122 N.J.L.J. 1420
December 1, 1988
Conflict of Interest:
County Counsel Representing Clients
Before Local Boards in Municipality
Where His Father is Township Committeeman
The inquirer advises that he represents a municipality in
which a conflict is purported to exist regarding another attorney
(presumably of a different political persuasion), and that the
township committee instructed him to seek an opinion from us.
The target of the inquiry is the son of a township committeeman. He is also an attorney who has been politically active for a number of years. He had previously served as a committeeman and mayor. In 1981 he served as counsel to the Township Committee. He serves presently as attorney to the Board of Education and is county counsel. The Board of Education is an elective board. He has in the past appeared and presently appears before township boards, including the Planning Board and Zoning Board. He has in recent times instituted suits on behalf of clients, one against the Zoning Board and several against the Planning Board.
Culling through the material provided to this committee, a query appears containing several sub-parts:
Is the attorney prohibited from appearing before township bodies because (a) he is county counsel; (b) he is counsel to the Board of Education; (c) his father is mayor of the Township Committee; (d) he sued several township bodies?
We believe that he is not prohibited from appearing before municipal agencies other than the Board of Education for any of those reasons.
As early as 1964 in Opinion 41, 87 N.J.L.J. 285, this Committee held that a school board attorney for an elected board may represent clients before various municipal boards and may represent clients against the municipality in which the school district is located. A distinction was made as to attorneys representing an appointed board. That distinction is still valid.
Our Opinion 204, 94 N.J.L.J. 445 (1971) clearly held that county counsel may not appear in municipal courts located within the county, but that county counsel may handle matters for private clients before municipal bodies unrelated to county duties and may sue municipalities (and, therefore, bodies of the municipal government).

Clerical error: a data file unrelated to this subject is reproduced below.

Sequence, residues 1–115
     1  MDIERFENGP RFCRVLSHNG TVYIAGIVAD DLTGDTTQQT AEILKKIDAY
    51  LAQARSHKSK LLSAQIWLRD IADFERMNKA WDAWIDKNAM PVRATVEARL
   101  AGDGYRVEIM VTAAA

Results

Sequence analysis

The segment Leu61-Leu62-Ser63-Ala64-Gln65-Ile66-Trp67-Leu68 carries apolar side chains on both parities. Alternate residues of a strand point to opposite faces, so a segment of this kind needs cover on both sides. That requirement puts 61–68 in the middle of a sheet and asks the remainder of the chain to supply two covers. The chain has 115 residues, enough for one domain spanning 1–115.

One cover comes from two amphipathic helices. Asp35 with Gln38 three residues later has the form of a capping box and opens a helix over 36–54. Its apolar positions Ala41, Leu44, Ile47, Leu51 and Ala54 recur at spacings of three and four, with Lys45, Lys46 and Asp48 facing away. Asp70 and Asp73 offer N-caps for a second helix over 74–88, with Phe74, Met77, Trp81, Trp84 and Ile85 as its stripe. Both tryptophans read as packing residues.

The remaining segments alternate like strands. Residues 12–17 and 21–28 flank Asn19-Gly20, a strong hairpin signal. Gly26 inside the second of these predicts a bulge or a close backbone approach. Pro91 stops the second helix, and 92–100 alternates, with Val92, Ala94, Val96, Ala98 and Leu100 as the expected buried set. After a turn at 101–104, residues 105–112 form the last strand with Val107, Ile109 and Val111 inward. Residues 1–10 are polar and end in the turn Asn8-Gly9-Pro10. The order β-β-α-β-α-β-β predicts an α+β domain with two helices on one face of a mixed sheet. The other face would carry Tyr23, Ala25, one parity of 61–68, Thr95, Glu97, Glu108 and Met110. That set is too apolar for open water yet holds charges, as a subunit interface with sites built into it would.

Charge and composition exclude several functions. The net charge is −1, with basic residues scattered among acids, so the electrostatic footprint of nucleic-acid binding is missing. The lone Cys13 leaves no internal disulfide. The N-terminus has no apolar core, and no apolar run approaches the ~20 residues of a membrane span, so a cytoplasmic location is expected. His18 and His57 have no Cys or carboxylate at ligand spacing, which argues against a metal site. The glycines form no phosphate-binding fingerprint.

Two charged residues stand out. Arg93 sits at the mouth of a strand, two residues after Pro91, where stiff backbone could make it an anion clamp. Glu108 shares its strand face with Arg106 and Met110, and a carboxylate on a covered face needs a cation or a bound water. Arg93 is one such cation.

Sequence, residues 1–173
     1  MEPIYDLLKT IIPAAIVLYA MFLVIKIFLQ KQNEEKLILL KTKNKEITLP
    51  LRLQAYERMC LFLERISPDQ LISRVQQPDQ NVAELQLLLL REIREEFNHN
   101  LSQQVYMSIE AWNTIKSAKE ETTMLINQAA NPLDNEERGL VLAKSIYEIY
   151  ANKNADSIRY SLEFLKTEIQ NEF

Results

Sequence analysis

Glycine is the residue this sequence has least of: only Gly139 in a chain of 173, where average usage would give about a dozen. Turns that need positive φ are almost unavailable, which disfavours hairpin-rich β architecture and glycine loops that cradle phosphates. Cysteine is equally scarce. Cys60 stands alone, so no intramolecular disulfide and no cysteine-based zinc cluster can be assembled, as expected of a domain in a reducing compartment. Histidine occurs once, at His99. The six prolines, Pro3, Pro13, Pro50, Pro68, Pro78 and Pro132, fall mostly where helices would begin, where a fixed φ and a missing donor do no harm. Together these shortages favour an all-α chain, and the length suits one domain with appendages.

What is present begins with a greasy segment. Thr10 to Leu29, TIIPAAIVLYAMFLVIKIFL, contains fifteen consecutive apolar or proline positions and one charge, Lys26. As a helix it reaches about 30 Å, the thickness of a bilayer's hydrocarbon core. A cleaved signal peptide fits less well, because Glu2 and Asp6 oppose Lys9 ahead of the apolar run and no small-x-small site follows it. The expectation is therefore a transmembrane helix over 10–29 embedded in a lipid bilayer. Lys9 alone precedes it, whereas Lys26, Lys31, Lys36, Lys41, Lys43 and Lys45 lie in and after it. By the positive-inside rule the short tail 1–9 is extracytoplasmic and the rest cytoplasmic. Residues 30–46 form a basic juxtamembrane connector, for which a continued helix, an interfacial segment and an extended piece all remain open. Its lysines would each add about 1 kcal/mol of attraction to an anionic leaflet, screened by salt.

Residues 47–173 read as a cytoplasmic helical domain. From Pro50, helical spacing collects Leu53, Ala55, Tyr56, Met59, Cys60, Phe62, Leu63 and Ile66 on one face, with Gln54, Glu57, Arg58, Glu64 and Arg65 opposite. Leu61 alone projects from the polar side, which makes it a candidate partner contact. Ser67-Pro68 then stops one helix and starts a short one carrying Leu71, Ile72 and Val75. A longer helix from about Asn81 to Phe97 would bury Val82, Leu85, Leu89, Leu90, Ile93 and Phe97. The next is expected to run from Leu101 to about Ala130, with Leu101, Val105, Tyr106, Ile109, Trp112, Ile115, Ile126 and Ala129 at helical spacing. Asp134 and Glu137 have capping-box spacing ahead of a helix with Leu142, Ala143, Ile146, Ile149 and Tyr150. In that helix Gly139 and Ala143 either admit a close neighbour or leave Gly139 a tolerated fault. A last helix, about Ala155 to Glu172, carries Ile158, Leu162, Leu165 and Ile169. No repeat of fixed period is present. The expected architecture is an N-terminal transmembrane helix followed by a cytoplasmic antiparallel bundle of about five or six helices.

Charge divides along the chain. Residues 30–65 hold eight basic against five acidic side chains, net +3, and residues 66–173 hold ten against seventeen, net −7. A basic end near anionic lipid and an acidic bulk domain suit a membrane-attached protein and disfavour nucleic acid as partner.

Opinion 360, 99 N.J.L.J. 1166 (1976) held:
Although care must be taken in dealing with both prospective clients and clients to observe DR 9-101(C), nevertheless, when an attorney's parent is the appointing power or participates in appointments, that relationship alone does not call for an inference of improper influence, and the attorney, or his associates, may appear before the public boards whose members are appointed by his parent.
The Opinion should be read for cautions contained therein.
Inquirer, who filed the required argument on the law, alluded
to Opinion 360, supra., but did not set out the holding contained
in the Opinion. For some reason he failed to refer to Opinions 41,
supra or 204, supra. His contentions are general, arguing that in
this case there is an appearance of impropriety. He does not cite
any of the Rules of Professional Conduct, but relies on general
statements contained in several of our opinions. We are of the
opinion that because each of the activities which the attorney, as
set forth in the factual situation presented to us is permissible,
all of them are permissible. The fact that he was required to
institute suit against several municipal bodies on behalf of his
"aggrieved" clients appears to confirm the fact that he, because of
his offices, is not influencing judgments in the town, and this
would seem to negate any thought of improper influence.